Moreover, Parliament played an important role in late medieval government. Waging wars was expensive and the kings had to persuade their subjects to pay taxes. Therefore, whenever the merchants and gentry provided the king with money, their political strength increased. Slowly, early forms of representational government developed (Kramer 39; McDowall 43). The first parliament was summoned by Simon de Montfort in 1265 (Nangonová 28). The commons’ representatives have been its permanent members since 1337 (Gillingham and Griffiths 134). In order to persuade them, well-developed methods of communication and propaganda were used. The preambles of official proclamations, songs, ballads, sermons, coronations, royal progresses, the formal entries of kings and queens into towns and even the works of writers became an instrument of propaganda (Gillingham and Griffiths 135–36). John Gillingham and Ralph A. Griffiths state that “in the fifteenth century, authors rarely produced their works unsolicitedly” (136).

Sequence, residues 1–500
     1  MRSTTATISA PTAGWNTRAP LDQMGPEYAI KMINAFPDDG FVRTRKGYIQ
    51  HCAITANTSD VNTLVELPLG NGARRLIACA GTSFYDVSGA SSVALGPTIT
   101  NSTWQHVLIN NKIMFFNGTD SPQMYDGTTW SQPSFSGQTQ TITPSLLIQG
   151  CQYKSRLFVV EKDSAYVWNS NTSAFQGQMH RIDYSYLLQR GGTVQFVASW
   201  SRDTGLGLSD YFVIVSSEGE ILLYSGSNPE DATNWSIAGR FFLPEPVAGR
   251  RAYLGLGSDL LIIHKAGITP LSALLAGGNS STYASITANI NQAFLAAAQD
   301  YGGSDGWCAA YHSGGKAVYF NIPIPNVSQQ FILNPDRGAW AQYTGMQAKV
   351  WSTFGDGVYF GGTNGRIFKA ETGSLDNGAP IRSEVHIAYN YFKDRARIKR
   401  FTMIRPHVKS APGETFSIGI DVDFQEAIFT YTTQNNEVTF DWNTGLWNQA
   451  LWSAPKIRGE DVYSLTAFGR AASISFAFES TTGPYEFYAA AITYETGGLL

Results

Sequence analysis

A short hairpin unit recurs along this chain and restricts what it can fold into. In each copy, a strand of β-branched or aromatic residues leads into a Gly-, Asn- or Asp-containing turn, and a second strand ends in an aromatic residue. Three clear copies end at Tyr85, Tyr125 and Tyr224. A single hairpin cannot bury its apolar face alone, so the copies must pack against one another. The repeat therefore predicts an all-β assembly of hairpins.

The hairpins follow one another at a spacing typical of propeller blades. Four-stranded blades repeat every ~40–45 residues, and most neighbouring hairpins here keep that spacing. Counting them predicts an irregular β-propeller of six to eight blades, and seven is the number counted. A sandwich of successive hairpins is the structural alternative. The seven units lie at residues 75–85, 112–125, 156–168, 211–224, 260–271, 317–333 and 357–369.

At the beginning of the reign of King John, in 1204, Normandy was recovered by the French. As Nigel Saul argues, England thus became separated from her closest mainland partner. The Anglo-Norman nobility became definitely English. The language of political debate also changed. The terms “liberties” and “inheritances” were replaced by “nations” and “commmunities” (Saul 8). A growing national feeling may be partly observed in the reign of Henry III: “the . . . opposition of the nobility to Henry III’s foreign expeditions, to the aliens whom he patronized at Court and to the papal clerks whose intrusion into English benefices he permitted, marked the novel development of baronial nationalism in reaction to the policies of the monarch” (Haigh 94). Though it may have been rather disguising the struggle for the king’s favour, the concept of “alienness” figured in political debate (Saul 8-9).